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Flaxseed
Flaxseed
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The scientific name of linseed is Linum usitatissimum, and its relationship to humanity is not just about the food industry. Flaxseed has been used since ancient times in the textile industry as well as in the creation of sails for sailing ships.
Flaxseed is mainly used for oil production, and there are two main types of seeds for culinary and industrial use. Mainly brown and gold seeds are similar to nutrients, except for Solin, which contains only 1 / 10 of the usual amount of alpha-linolenic acid (ALA) in linseed.



In the raw state, flax seed varies in color from yellow, amber and gold to light, dark or red-brown. White and green seeds may also be encountered, but they are usually harvested long after their full maturity and therefore are not recommended for consumption. Avoid black ones as well.

Origin
Cultivation of linseed dates back to the period between 4000 and 2000 BC. and is characteristic of the countries bordering the Mediterranean as well as in the Middle East. Its origins are connected even with a more ancient period during the Neolithic period.
From the beginning, the plant has been used both in the culinary industry and in everyday clothes and other textiles. This application is still in place today, although production has become more specialized, and in the USA and Canada, for example, more oil-bearing varieties of flaxseed are used to make different types of oil.



Flaxseed oil, unsuitable for consumption, is used in the wood industry, fine art, and more. The oil that is suitable for consumption can be used for animal feed or in the culinary industry. Oilseeds are classified as oilseeds alongside soy, rapeseed, sunflower seeds and peanuts. The world's largest flaxseed producer in Canada, followed by Russia, France, and Argentina. Today flaxseed is considered to be nutritious food containing valuable nutrients.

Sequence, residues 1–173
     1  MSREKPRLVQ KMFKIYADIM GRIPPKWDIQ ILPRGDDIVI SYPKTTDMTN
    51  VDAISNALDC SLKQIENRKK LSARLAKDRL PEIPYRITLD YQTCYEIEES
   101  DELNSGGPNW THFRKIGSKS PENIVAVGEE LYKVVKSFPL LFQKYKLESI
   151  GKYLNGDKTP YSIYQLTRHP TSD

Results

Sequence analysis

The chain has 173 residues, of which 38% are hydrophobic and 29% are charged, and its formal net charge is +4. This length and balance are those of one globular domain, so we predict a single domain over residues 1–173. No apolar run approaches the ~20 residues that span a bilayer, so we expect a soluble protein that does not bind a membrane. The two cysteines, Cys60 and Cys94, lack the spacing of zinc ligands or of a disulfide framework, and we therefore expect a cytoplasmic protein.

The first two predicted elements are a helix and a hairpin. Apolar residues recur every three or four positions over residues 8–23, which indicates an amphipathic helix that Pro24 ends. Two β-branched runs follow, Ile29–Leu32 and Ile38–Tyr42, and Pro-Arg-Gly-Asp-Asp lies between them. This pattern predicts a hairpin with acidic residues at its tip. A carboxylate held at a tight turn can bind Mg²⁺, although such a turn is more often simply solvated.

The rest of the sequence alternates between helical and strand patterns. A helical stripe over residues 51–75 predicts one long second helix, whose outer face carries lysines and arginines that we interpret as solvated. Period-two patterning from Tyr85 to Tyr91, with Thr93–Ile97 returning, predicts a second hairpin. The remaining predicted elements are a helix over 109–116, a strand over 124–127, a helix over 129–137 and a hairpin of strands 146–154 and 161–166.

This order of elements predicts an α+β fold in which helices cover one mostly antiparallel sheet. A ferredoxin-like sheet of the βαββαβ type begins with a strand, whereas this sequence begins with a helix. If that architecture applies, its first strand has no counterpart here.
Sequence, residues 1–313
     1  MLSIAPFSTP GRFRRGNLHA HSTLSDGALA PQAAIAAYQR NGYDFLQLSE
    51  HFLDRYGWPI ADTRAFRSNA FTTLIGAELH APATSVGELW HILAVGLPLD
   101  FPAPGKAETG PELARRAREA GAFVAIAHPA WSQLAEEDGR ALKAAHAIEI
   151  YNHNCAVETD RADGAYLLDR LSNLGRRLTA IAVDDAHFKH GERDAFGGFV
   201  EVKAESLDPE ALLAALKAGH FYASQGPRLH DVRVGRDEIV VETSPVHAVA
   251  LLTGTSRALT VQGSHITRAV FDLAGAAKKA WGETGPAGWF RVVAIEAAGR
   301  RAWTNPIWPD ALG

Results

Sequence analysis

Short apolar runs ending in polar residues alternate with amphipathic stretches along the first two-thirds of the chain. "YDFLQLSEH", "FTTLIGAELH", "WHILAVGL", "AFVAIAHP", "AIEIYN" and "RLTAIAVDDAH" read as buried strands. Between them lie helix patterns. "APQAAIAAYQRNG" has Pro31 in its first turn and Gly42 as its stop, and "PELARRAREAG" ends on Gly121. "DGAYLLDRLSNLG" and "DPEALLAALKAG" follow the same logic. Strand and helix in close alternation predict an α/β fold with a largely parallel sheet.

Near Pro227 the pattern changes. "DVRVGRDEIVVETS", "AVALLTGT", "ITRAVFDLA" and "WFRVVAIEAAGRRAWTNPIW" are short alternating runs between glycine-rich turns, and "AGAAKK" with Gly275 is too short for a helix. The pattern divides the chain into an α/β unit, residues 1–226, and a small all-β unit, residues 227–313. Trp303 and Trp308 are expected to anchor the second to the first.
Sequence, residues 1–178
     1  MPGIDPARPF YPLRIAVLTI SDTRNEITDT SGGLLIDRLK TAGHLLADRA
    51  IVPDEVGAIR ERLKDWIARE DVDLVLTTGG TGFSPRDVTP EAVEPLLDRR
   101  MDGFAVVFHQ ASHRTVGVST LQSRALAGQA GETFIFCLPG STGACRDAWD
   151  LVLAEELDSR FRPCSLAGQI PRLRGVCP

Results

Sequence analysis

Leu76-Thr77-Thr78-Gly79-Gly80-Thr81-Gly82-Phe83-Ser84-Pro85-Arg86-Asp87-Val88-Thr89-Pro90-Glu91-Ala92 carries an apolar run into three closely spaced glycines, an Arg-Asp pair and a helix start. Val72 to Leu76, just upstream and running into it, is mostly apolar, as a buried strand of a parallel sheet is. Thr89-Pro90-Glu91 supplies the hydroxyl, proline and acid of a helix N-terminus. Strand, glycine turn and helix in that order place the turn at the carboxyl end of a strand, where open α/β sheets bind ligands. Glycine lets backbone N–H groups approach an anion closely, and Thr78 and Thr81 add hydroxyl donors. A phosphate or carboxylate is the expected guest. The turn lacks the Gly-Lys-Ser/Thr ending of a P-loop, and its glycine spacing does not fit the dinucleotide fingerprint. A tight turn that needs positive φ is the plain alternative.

Health Benefits of Flaxseed Consumption

Content of valuable nutrients


Flaxseed is high in omega-3 fatty acids, mainly represented by ALA. However, flaxseed oil can not provide the required amounts of EPA and DHA.
It also contains lignans - fibers that have a role in antioxidant protection due to their polyphenol structure. It should be noted, however, that lignans are also among the few naturally occurring substances in foods that function as weak or moderate estrogens when consumed by humans. Another characteristic of linseed is water-soluble gel-forming fibers that support the activity of the gastrointestinal tract.



Benefits for cardiovascular activity

The cardiovascular system can be omega-3 fatty acids in linseed and ALA itself. Alpha-linolenic acid can help protect blood vessels from inflammation. Flaxseed consumption is believed to increase the blood ALA levels even if the seeds were used in bakery products such as bread or muffins. This protection is also provided by lignans that can suppress platelet activation (PAF) formation, and it increases the risk of inflammation when it is high.